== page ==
We would never consider taking a medication that disclosed such side effects. Millions of people have become dependent on alcohol due to biological, psychological, and social factors in their life. Unfortunately, many of these people experience significant consequences before considering treatment. You don’t need to wait for more serious consequences or check any boxes in order to start changing your relationship with alcohol. Alcohol dependence is a diagnosable medical condition. Just like other medical conditions, alcohol dependence isn’t your fault, and there are evidence-based treatments for relief.

"what we were taught about alcohol: too much is bad for you. What we weren't taught about alcohol: it increases anxiety, it disrupts your sleep, it causes brain shrinkage, it dysregulates hormones, it affects long term memory, it inflames your gut, it impacts your sex drive, it increases the risk of cancer"

What Factors Lead to Alcohol Dependence?

Alcohol dependence can be associated with genetic predisposition, environmental factors, or a combination of both. Here’s a closer look at a few of the many factors that can lead to alcohol dependence. 

Genetic factors:

An estimated 40-60% of the risk for alcohol use disorder (AUD) can be attributed to various genetic factors. The offspring of people with alcohol use disorder are approximately four times more likely to develop alcohol use disorder than people without a family history of AUD. This is because certain genes can get passed down that influence the way your body responds to alcohol. In addition, people who are genetically predisposed to other mental health conditions can indirectly be at a greater risk for alcohol dependence. For example, ADHD tends to run in families, and there’s a strong connection between ADHD and AUD. The same can be true with depression and anxiety.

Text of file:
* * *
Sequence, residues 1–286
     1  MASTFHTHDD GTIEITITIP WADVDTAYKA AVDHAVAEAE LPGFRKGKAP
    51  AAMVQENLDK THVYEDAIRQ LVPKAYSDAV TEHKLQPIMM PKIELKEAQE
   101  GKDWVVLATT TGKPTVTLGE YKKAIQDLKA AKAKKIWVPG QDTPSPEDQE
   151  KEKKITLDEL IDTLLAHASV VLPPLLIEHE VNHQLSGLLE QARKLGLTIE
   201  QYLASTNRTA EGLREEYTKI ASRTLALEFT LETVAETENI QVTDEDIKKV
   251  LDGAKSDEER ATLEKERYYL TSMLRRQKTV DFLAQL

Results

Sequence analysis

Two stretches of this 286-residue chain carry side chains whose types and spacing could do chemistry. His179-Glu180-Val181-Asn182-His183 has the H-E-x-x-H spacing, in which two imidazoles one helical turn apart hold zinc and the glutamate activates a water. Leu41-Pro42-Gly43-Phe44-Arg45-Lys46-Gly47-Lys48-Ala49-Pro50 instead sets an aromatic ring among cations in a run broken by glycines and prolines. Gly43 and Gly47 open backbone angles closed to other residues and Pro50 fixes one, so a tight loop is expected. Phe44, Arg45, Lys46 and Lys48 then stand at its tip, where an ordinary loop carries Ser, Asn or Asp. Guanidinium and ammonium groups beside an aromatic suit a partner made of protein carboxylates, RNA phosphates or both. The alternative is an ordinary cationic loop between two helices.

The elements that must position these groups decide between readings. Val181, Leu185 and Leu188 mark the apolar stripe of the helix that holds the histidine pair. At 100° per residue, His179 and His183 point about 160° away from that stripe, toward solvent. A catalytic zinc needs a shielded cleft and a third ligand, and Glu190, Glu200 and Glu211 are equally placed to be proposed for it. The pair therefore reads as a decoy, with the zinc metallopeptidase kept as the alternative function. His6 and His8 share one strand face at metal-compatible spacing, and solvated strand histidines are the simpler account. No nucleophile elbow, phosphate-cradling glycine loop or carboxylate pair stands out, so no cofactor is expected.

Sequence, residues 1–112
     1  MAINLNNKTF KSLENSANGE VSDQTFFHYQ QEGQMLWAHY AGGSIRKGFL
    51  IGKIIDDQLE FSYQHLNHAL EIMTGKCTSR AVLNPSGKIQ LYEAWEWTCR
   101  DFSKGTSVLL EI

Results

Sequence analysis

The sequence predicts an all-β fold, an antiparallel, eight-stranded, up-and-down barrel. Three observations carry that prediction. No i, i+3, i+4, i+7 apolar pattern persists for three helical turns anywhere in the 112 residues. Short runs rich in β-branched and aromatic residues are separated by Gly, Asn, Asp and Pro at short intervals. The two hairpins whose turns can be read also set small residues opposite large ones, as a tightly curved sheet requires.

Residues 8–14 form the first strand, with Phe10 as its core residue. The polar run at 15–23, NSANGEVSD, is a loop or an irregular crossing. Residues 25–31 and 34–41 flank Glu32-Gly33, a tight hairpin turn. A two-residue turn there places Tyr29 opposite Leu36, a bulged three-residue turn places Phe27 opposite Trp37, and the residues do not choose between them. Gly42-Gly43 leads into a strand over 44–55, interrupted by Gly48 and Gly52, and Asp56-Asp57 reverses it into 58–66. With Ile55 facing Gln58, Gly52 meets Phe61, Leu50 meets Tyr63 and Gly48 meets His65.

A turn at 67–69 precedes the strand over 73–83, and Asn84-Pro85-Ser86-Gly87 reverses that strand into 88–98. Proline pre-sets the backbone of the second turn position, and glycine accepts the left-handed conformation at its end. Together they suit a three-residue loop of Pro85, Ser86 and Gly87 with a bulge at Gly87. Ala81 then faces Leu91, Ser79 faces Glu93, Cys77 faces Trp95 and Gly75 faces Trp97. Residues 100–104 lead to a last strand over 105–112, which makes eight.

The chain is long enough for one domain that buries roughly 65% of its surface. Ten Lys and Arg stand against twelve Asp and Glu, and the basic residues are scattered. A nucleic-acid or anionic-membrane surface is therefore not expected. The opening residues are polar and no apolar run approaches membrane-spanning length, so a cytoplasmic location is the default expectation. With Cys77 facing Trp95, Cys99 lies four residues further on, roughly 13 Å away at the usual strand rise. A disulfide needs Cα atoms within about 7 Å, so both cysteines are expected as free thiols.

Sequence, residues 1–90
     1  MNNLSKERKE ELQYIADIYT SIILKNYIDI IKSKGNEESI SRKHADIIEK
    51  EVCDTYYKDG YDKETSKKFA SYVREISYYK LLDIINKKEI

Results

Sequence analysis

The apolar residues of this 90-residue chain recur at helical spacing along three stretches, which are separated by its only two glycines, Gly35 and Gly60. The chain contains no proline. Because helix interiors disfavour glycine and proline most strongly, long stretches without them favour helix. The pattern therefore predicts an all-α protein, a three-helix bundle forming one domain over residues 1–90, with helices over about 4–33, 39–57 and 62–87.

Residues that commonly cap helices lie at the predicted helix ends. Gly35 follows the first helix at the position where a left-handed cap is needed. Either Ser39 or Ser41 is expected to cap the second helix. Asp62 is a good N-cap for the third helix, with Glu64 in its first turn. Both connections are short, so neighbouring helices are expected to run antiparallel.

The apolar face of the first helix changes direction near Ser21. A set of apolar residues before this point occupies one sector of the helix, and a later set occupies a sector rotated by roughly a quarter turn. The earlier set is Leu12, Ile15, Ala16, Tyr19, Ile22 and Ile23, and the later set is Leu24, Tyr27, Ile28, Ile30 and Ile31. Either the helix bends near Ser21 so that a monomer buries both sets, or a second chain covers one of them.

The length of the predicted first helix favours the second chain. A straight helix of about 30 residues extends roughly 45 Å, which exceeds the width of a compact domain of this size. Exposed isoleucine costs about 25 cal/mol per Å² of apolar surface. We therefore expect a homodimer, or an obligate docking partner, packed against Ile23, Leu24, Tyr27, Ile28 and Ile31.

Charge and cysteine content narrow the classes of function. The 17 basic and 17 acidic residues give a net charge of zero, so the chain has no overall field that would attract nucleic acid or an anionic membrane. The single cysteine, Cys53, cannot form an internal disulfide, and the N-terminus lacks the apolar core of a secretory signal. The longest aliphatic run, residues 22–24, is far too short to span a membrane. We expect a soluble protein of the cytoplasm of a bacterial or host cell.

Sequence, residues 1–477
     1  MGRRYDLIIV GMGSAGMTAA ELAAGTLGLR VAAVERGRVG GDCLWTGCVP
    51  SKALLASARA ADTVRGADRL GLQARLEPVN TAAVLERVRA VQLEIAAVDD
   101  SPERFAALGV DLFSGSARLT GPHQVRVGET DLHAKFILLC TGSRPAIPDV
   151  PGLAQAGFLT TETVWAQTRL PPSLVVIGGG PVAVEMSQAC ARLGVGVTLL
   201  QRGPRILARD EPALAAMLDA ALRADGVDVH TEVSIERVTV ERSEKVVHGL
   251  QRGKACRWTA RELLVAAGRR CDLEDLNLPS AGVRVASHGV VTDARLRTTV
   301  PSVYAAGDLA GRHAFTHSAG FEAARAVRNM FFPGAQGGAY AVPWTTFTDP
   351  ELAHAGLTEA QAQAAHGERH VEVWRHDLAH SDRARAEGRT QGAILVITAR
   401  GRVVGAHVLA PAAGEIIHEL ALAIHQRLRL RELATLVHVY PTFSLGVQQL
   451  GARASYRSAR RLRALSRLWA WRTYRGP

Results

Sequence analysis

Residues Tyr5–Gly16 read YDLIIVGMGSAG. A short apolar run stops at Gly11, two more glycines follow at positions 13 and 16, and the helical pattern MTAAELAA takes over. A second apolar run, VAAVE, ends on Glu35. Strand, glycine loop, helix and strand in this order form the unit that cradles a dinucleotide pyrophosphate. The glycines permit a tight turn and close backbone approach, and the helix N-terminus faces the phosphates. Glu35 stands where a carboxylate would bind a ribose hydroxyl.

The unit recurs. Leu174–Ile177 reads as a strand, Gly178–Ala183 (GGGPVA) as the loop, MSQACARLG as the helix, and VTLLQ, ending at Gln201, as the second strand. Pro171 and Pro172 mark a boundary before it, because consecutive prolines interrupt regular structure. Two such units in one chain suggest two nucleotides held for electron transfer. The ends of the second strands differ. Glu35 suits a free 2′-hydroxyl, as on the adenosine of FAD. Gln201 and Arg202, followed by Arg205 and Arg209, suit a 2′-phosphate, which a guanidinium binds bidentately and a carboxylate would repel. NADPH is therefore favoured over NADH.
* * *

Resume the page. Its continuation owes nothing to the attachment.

Environmental factors:

The environment you grow up in can impact how early you start to drink. According to the NIAAA, people who start drinking before the age of 15 are 50% more likely to become alcohol dependent as adults. The same is true to a lesser extent for those who started drinking between ages 15 and 17. Early childhood abuse and trauma is also associated with an increased risk of developing alcohol dependence. Peer pressure, cultural norms, and the influence of advertising and media are all also environmental factors that can increase the risk of alcohol dependence.

Free Support Group: How to navigate relationship challenges while managing your drinking

Relationships are complex. And the challenges that come with changing your drinking can add additional complexity and stress. Join an honest discussion about cultivating healthy relationships through sobriety or moderation.
Check out the Schedule

How is Alcohol Dependence Diagnosed?

Alcohol dependence itself was once considered a diagnosable condition per the DSM-IV. With the update of the DSM-V, alcohol dependence was incorporated into the larger definition of the medical condition ‘alcohol use disorder.’ This is why you might sometimes hear these two terms used interchangeably. Here are some of the key criteria that were previously used to diagnose alcohol dependence, and are now used when diagnosing alcohol use disorder:

  • Increased tolerance for alcohol, i.e. needing more and more alcohol to feel the same effects